Having read a bit more UCC/IRS thing, I’m really just as ignorant as I was, and only slightly more opinionated.
First, a word about the United Church of Christ. It’s often characterized as among the most liberal of Protestant denominations. That’s correct, but should be understood in light of the fact that the UCC is also among the least hierarchical. The denomination has no real authority over individual churches; churches own their own buildings, hire their own pastors, and do pretty much whatever they want. That is of course very much in the tradition of the Congregationalists who are one of the constituents of the UCC. It’s also one of the few things we have in common with the even-less-centralized and otherwise similar-in-name-only Churches of Christ.
The denominational leadership may be quite liberal, but individual congregations (and congregants) are all over the place theologically and politically. The mean is, I think, somewhat left-of-center, but not nearly as much so as the denominational leadership. Every couple of years there is a General Synod that passes noble resolutions of a liberal bent, of which most actual UCC members (me included) are blissfully unaware.
[I should say that I’m one of the more liberal members, politically and theologically, of a relatively liberal church.]
The point there is that anything you read about the UCC and its politics does not necessarily have much to do with any specific UCC church.
Anyway. Here’s how I understand the Obama brouhaha:
At some point before Obama declared his candidacy, the UCC invited him to give the keynote address at last year’s General Synod. He is after all the most prominent member of the UCC. I don’t know whether the invitation came before or after it was clear he was thinking about running.
He was a candidate by the time of the General Synod (in June). The UCC, very correctly, attempted to make it clear that he was speaking not as a presidential candidate but as a UCC member with something to say about faith and public life.
No campaigning was allowed inside the building, but there were campaigners outside.
Most of Obama’s speech was unexceptionable, but he did mention his candidacy twice, once more or less in passing, and once in what sure looks like standard campaign fare:
It’s been several months now since I announced I was running for president. In that time, I’ve had the chance to talk with Americans all across this country…
…I have made a solemn pledge that I will sign a universal health care bill into law by the end of my first term as president that will cover every American and cut the cost of a typical family’s premiums by up to $2500 a year. That’s not simply a matter of policy or ideology – it’s a moral commitment.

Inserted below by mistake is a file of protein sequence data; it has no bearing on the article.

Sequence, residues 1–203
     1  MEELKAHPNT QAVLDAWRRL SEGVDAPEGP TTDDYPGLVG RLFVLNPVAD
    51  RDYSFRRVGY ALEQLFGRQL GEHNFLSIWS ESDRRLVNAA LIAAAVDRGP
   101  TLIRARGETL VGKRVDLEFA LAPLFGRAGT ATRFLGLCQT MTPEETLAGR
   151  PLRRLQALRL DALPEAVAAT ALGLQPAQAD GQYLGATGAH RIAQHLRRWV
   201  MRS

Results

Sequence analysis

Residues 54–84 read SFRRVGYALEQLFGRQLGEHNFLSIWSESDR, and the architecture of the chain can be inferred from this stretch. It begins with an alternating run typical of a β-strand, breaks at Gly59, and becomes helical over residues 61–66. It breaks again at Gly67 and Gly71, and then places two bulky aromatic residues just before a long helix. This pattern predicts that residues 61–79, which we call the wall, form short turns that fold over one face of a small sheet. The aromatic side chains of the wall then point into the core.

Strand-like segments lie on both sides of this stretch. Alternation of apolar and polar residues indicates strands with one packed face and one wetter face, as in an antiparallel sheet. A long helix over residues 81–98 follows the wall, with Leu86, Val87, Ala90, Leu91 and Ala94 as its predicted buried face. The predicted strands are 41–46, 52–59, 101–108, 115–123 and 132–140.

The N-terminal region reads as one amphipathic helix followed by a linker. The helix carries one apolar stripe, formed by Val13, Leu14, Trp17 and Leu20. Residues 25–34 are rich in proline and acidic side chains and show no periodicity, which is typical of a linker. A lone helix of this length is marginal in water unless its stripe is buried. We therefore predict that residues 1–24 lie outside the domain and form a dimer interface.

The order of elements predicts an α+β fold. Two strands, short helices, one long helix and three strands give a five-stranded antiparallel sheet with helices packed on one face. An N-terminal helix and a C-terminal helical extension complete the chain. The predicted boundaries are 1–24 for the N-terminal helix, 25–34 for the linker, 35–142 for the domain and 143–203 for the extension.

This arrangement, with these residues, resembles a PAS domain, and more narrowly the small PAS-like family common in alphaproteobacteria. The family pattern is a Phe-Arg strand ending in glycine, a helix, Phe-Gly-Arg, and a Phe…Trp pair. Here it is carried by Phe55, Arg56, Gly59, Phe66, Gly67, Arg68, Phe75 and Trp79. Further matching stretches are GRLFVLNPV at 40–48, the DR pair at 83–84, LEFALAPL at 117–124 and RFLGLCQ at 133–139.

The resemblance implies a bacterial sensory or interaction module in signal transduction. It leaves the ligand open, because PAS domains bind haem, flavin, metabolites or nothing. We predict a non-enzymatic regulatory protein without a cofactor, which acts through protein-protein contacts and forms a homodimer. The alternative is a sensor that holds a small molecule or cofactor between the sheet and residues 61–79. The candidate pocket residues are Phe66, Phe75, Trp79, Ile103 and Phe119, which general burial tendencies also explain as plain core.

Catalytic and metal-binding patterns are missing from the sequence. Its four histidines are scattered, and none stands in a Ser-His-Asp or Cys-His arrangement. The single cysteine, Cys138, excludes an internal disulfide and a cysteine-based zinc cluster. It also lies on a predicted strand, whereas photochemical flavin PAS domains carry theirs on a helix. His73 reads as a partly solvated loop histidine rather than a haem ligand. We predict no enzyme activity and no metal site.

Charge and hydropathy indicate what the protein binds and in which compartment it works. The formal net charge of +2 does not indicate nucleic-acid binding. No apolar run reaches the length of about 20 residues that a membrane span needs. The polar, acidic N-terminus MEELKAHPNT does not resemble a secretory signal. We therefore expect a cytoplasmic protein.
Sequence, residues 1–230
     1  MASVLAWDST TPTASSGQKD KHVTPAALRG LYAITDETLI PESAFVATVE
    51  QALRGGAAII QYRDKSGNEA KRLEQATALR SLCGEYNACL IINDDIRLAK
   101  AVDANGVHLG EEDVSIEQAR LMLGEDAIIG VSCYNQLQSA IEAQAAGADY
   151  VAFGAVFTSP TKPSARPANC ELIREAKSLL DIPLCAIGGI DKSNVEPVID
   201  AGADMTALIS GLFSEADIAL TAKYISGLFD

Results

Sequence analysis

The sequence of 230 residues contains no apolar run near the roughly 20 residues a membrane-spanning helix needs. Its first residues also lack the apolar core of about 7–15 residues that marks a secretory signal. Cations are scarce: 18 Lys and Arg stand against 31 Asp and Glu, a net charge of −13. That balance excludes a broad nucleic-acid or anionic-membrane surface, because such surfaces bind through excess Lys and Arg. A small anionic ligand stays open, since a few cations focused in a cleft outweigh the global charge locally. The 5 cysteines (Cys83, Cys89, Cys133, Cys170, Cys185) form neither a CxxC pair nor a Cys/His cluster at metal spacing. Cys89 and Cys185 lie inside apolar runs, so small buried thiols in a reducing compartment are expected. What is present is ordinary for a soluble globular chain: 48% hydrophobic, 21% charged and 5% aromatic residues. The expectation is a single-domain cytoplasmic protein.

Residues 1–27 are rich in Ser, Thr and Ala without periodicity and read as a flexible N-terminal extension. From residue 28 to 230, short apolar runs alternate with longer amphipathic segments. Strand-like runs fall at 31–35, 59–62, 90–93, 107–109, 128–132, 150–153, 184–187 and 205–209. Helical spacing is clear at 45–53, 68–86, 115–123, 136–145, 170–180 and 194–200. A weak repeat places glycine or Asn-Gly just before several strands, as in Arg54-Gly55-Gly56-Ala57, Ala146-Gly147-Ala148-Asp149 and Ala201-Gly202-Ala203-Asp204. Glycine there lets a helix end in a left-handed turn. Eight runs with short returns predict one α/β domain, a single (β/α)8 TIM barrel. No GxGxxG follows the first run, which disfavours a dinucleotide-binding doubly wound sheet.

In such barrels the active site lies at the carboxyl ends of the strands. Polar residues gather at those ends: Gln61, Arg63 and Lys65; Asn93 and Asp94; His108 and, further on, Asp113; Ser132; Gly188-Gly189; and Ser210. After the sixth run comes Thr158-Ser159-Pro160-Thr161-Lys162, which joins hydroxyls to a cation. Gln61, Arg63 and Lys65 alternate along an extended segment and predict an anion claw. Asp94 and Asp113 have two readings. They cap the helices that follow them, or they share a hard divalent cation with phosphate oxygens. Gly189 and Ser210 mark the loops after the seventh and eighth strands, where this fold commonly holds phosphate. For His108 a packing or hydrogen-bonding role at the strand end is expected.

The IRS is now investigating whether that violated the guidelines for churches. This may or may not have been spurred by a complaint from UCCtruths, which seems to be the UCC’s version of a heretical splinter group–they think the denomination is too liberal. [I can’t tell whether the IRS ever says what prompts investigations.] Here‘s the IRS letter to the UCC–unfortunately, I can’t find the questions they attached, so I don’t actually know what the specific violations they’re investigating.
As far as I can tell (not having been there, and not being a lawyer), the UCC certainly didn’t endorse Obama or otherwise support it (although I’m sure that most of the UCC’s leadership does in fact support him). The problems are with Obama himself, and those two little references to his candidacy, which looks to me like a clear violation of the IRS guidelines (see page 9). It seems silly that the whole thing could have been avoiding with 10 seconds’ thought and a red pen.
What I don’t know is what the IRS typically does and doesn’t bother with in practice. Presidential candidates are forever campaigning in churches, whether they call it that or not. I can’t believe that none of them have never let the word “candidate” slip out before.
There does seem to be a real, fundamental problem with the IRS rules, and their assumption that a candidate’s appearances can be neatly separated into as-a-candidate and non-candidate events. Everything a Presidential candidate does is a campaign appearance. Candidates don’t go to the bathroom without campaign spin. Obeying the spirit of the rules would require forbidding candidates to go to church at all. Obeying the letter–you can’t say the magic words “candidate” and “election”–is just disingenuous.
For what it’s worth, I think it’s very unlikely that the UCC will lose its tax-exempt status over this. The denomination has a grade-A lawyer working pro bono now, and I imagine it will win the case (if “case” is even the right word) outright.